New studio offers artists a community
Headless, twisting ceramic female forms blackened by fire line a shelf behind sculptor Amanda Paoletti, one of the house artists now teaching at Artist’s Studio in the Foothills.
“It’s a lot about the vesselness. The idea that we’re in these bodies and the real stuff is in here,” Paoletti explained, pointing to the hollow opening of an unfinished woman’s body, torn up the middle.
“It is really a discovery path for me,” the 43-year-old mother of two boys said.
AS IF opened earlier this year when Paoletti joined with organizer and graphic designer Randy Rigg. The two see the building at 940 Idaho-Maryland Road, in Grass Valley in the former Cabinetry Solutions building, becoming what they say is a greatly needed center for artists.
“I kind of saw a niche we could fill for artists in the community,” Rigg said.
“We really want it to be an art center where it’s drawing from a member base” for artists to learn, teach and show their work, said Paoletti, who also is the ceramics departement manager and program director.
Nine resident artists filled six private studios weeks before AS IF was open to the public; now, they have a waiting list.
A colorful array of paintings and sculptures adorn the center’s gallery.
This fall, 12 artists will show their work from AS IF during the annual studio tour.
For Paoletti, finding the studio meant freeing herself from lugging around fragile sculptures and working in a freezing basement during the winter months.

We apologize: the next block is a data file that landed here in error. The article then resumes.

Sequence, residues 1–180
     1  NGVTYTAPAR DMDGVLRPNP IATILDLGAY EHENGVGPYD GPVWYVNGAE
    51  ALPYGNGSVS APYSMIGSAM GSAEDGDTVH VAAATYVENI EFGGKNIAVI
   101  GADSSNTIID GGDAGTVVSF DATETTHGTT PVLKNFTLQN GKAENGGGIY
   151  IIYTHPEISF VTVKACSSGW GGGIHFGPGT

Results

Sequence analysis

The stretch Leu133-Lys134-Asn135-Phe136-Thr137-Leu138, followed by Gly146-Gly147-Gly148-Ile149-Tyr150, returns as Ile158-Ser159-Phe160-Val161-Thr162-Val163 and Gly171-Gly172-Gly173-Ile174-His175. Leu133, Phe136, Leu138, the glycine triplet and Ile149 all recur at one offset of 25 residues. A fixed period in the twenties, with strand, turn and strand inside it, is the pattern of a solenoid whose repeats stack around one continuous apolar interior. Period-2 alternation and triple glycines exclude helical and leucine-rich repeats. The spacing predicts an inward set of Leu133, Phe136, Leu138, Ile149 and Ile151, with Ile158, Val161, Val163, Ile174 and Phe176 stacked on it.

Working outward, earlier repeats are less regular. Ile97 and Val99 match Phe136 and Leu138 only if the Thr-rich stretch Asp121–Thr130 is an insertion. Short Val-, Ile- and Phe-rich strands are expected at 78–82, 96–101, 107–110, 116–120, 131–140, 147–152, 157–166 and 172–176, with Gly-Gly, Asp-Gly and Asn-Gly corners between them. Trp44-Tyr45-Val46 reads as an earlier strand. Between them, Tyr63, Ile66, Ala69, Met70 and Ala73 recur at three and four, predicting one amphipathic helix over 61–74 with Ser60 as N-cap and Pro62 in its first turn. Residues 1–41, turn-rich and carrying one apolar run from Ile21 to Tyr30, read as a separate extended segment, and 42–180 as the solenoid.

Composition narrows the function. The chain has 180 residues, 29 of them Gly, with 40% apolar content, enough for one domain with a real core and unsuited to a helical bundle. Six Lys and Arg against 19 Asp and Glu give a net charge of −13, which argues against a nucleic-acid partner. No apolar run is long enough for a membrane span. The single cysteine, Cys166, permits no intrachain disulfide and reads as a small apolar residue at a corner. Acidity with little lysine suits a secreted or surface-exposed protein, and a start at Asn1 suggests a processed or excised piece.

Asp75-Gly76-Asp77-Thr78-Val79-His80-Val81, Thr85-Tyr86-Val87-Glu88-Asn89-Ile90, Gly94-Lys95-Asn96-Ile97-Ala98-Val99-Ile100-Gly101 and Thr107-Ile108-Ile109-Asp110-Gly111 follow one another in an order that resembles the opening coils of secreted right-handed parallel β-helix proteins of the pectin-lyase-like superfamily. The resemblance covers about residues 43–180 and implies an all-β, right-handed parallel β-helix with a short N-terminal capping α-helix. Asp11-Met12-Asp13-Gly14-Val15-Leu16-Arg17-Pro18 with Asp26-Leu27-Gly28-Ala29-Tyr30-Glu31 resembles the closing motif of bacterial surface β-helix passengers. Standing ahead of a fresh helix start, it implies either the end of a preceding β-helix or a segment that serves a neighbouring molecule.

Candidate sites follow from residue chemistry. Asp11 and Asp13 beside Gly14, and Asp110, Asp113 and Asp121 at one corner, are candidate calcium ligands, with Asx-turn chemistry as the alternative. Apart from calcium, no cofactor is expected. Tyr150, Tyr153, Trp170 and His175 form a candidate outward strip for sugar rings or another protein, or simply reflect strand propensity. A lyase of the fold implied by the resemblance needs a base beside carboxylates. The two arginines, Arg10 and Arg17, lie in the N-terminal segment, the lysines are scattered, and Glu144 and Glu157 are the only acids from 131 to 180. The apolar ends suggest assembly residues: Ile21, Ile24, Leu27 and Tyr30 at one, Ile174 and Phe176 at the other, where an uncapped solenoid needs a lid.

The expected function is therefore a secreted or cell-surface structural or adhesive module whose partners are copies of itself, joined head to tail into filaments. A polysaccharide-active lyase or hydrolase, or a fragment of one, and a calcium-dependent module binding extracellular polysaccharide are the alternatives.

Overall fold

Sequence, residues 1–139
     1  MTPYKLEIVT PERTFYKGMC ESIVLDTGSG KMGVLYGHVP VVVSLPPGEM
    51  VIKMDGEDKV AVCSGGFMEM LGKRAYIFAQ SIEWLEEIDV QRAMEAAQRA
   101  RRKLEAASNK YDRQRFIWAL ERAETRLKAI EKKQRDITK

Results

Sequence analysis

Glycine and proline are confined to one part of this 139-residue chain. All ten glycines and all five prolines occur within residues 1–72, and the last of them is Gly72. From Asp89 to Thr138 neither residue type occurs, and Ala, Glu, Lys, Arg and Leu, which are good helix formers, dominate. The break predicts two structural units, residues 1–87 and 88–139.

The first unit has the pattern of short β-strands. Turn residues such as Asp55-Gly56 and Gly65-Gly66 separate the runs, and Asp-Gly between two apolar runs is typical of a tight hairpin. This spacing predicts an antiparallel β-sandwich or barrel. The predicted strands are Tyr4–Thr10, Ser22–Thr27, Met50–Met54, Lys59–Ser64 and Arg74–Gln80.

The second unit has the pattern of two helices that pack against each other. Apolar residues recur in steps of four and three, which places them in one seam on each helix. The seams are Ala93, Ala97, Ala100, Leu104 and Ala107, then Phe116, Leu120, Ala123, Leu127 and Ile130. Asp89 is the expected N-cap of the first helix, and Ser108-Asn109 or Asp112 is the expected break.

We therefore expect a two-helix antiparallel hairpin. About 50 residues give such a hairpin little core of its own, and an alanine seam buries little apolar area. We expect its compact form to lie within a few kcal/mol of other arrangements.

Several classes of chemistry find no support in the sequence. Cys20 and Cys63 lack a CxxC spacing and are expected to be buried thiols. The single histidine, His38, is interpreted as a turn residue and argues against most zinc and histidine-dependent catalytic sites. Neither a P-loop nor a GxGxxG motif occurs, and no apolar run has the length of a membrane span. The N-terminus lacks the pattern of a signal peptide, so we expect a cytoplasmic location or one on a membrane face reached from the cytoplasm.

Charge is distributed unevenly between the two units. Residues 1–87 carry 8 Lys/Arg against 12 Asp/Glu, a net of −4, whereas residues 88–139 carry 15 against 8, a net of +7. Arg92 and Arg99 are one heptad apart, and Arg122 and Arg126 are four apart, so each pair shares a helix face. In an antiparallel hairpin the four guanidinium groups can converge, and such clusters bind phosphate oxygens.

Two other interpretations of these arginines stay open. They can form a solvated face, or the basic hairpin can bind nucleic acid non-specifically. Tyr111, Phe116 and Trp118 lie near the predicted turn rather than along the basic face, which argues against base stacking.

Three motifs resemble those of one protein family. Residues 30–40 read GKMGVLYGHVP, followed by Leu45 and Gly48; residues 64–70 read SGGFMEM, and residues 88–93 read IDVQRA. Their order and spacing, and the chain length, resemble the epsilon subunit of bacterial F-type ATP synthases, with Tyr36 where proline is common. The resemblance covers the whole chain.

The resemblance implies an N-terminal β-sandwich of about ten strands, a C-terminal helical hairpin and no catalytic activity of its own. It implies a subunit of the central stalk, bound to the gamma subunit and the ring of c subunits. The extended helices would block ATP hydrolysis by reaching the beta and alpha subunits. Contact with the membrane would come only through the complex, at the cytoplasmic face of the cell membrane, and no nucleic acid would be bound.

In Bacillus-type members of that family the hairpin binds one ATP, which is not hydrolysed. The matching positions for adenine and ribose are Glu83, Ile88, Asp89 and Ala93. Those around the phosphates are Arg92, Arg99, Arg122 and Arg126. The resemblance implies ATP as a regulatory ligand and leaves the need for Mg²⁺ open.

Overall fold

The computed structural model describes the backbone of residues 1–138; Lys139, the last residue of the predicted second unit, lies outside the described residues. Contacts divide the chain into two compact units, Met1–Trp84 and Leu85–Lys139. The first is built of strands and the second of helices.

“It’s such a ball and chain,” she said. “All I really needed was a kiln and a table and shelves to put my work,” she said.
Rigg realized the center had to be more than an artist co-op to survive.
“I found in my research that co-ops didn’t have a very long life span. I needed more of a business model,” Rigg said.
So he offered up memberships and a full class line-up along with promotional opportunities for artists, using his graphic design and advertising background.
Getting the word out this summer proved difficult, with little money in reserves for advertising. So far, the group has been relying on word of mouth.
“I have all these visions, but in reality, a handful of people even know we’re here. We’re in survival mode,” Rigg said.
Members have access to a full ceramics studio with potting wheels and kilns, printmaking equipment and a large format printer for reproducing originals. Small classes for adults and children are available throughout the week on subjects including printmaking, beginning drawing, figure drawing, oil painting, water color and plein air and landscape painting.
While more expensive than classes available at Sierra College, AS IF’s schedule offers more flexibility, Rigg said. People can sign up for monthly, weekly or daily membership at AS IF.
“The classes are really designed to train people so they can feel they can come back and work independently in the studio,” Paoletti said.
AS IF is open for members from 10 a.m. to 8 p.m. daily. Stop by the center for a full schedule at 940 Idaho-Maryland Road, Grass Valley, or call 274-7000.
To contact Staff Writer Laura Brown, e-mail firstname.lastname@example.org or call 477-4231.
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